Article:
France and the Burqa —Daniel Jouanneau

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					             France and the Burqa —Daniel Jouanneau

             France is a country of religious freedom. Our ancestors fought very hard for that
             principle and it stands today as a crucial foundation of the French Republic. All
             religions are welcome, on an equal footing, and everybody is entitled to practice
             his or her faith

            Over the past two weeks, we have seen a significant number of opinions
            expressed in the Pakistani print media about the debate in France regarding the
wearing of the burqa.

Overall, the opinions expressed in those articles, sometime show a sense of surprise, but more
often clear disapproval.

What sparked those reactions?

Three weeks ago, a member of the French National Assembly suggested that a parliamentary
commission be set up to look into the new, but spreading, phenomenon of the burqa in
France. His proposal received wide support among all political parties.

President Nicolas Sarkozy then made a statement on the burqa, while addressing the two
chambers of Parliament: “We cannot accept, in our country, women imprisoned behind a
mesh, cut off from society, deprived of all identity. That is not the French Republic’s idea of
women’s dignity. The burqa is not a sign of religion, it is a sign of subservience. It will not be
welcome on the territory of the French Republic.”

But President Sarkozy also stressed that “France must not fight the wrong battle. The Muslim
religion must be respected in the country as much as other religions”. The French show great
respect for Islam, because France knows what Islam is, for a number of reasons.

Islam is part of our history. France knows about the great Muslim civilisations through the
work of renowned French scholars as well as because of strong bonds, dating back to the
colonial period, with Muslim Northern and Sub-Saharan African states.

Islam is also part of our geography: it is President Sarkozy’s policy to expand to the greatest
possible extent our partnerships with the Mediterranean countries, eight of which are
members of the Organisation of the Islamic Conference (OIC).

Also, France is home to the largest Muslim population in Europe (5 million). There are around
2000 Muslim prayer rooms, and 12 great mosques. More mosques are being built.

France is a country of religious freedom. Our ancestors fought very hard for that principle and
it stands today as a crucial foundation of the French Republic. All religions are welcome, on an
equal footing, and everybody is entitled to practice his or her faith. Free practice for every
religion is not only allowed, but protected by the state: this is what we call secularism.

The citizens’ choice of religion is irrelevant for the state. This implies strict neutrality on the
part of the state. It explains a piece of legislation that was at the time misunderstood in the
Muslim world: the banning of conspicuous religious signs in state-run schools. What was it
about? By banning signs such as a Christian cross, a Jewish kippa, a Sikh turban or a Muslim
veil, from state-owned primary and secondary schools, Parliament intended that they remain a
religiously neutral space for the children.

It was never, and never will be, a general ban on religious signs. The hijab is allowed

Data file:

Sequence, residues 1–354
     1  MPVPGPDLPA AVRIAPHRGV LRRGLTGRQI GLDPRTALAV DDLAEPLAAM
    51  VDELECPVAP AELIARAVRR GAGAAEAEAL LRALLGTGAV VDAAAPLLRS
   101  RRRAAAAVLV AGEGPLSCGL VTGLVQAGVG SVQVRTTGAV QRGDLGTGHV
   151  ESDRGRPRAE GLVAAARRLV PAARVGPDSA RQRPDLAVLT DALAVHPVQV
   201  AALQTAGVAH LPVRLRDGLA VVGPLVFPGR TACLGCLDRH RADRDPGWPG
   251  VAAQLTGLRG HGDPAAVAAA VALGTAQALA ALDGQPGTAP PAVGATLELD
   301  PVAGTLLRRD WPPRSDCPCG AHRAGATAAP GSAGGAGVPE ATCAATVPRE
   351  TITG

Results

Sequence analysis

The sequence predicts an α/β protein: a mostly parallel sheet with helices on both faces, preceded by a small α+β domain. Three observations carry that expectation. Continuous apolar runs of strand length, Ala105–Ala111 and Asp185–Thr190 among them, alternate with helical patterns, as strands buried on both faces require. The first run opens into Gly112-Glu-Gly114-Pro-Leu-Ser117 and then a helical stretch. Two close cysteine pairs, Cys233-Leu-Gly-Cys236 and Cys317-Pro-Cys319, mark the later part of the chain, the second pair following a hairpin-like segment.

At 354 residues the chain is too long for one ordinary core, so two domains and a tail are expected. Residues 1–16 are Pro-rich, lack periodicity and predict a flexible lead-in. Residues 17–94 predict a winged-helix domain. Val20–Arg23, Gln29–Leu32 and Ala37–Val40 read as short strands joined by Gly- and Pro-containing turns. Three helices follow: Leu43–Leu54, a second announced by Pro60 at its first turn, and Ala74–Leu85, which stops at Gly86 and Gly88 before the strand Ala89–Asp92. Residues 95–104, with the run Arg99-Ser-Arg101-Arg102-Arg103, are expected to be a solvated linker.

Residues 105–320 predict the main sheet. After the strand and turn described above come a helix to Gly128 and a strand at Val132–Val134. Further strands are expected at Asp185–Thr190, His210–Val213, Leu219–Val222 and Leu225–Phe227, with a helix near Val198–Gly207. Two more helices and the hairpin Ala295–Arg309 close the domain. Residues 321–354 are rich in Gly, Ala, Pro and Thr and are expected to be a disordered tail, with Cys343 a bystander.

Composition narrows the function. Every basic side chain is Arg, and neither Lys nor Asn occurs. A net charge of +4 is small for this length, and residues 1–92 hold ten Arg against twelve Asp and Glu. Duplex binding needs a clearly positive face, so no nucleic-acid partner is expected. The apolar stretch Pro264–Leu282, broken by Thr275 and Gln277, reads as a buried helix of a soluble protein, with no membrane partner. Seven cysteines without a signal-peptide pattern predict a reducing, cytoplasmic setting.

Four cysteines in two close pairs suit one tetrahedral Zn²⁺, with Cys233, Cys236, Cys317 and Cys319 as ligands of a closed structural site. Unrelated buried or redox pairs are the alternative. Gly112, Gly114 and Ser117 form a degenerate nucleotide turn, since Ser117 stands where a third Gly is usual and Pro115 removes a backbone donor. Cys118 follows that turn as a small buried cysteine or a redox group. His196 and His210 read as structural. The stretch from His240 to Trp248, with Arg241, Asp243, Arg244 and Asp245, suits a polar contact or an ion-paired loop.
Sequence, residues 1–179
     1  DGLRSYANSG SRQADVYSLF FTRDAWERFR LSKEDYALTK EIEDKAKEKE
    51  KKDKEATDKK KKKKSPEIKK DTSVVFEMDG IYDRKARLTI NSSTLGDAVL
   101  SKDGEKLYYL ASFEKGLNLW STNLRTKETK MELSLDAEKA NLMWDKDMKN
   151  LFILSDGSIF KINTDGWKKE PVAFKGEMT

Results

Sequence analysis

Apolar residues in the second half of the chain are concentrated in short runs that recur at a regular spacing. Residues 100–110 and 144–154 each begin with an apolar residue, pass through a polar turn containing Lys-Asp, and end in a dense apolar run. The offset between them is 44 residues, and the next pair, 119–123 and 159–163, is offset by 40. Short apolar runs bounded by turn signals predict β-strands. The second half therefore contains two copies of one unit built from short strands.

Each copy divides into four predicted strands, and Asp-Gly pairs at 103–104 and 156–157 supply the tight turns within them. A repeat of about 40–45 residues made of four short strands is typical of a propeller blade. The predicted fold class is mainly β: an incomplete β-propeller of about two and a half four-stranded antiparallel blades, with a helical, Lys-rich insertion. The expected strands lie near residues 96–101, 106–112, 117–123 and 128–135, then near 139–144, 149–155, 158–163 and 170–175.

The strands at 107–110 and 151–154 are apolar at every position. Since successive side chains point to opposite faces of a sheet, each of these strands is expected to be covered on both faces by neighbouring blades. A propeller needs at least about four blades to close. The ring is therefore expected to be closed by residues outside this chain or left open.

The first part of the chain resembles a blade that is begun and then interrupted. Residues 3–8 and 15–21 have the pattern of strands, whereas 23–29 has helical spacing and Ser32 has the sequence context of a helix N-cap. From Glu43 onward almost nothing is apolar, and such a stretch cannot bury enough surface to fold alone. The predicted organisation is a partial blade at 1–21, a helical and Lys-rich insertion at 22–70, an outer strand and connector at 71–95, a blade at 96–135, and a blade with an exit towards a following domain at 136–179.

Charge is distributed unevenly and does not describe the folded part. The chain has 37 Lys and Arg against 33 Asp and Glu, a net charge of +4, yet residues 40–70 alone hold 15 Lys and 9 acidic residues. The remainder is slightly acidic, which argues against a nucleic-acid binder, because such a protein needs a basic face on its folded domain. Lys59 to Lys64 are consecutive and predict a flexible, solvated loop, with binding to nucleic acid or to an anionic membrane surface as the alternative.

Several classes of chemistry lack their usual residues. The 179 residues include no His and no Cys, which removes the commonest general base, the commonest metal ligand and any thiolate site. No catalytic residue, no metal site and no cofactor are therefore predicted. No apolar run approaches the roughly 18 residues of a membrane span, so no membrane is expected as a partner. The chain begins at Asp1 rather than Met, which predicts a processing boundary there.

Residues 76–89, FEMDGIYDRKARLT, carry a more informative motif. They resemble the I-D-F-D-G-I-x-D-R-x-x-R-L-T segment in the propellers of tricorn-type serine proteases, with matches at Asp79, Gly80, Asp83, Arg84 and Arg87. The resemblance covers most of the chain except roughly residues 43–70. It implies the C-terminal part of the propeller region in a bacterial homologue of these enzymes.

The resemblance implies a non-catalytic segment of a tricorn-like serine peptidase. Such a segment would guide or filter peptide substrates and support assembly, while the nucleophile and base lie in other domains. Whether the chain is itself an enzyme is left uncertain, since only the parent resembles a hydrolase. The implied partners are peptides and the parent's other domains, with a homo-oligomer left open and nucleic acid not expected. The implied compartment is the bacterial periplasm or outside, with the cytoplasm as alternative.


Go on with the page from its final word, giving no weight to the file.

everywhere in public areas. It is perfectly allowed in universities, but not at school, because
experience shows it is questionable whether the decision to wear a hijab constitutes a free
choice for young girls.
But let us come to the current debate. What will be studied by the newly created commission
of the French National Assembly is the wearing of the integral veil, which even covers the eyes
of a woman. The general perception in my country is that instead of being a sartorial choice, it
is an instrument of oppression. That it is degrading for women and at complete odds with the
tenets of equality on which modern society is based.

One must also realise that wearing the burqa in a country like France creates practical
problems. For instance, when a woman wants to obtain from the administration an identity
card, but refuses to remove her burqa to have her photograph taken; or problems in the city
halls during wedding ceremonies when the mayor, as he has to do it according to our law,
asks the bride to take her burqa off, while the groom asks her to keep it on. For the
willingness to marry to be checked, the faces of both the future husband and wife have to be
seen. Difficulty also arises when a woman wearing a full veil faces an identity control by a
policeman, but refuses to show her face because she cannot be seen uncovered by a man.
Hiding the identity, rather than exposing it, poses greater security risk in this day and age.

When celebrating the Bastille Day, the French also celebrate a core of values that has
remained unchanged since July 14, 1789: liberty, equality, fraternity. Where is liberty for a
woman prohibited by her husband, or brother, from having her face seen? Where is equality
between men and women, a fundamental right for us? Where is fraternity, when
communication with others is impeded?

A debate is being initiated in France on the burqa. As we generally do in my country when we
have to face a difficult and divisive challenge (in this case, divisive even within the French
Muslim community and among Muslim women), we ask our Parliament to look into it and
make recommendations. The members of the committee begin their six months’ work without
any prejudice. Will there be a ban, or no ban at all, or only a partial one? Will a law be deemed
necessary or not? Nothing has been decided, everything is open.

The writer is the French Ambassador to Pakistan

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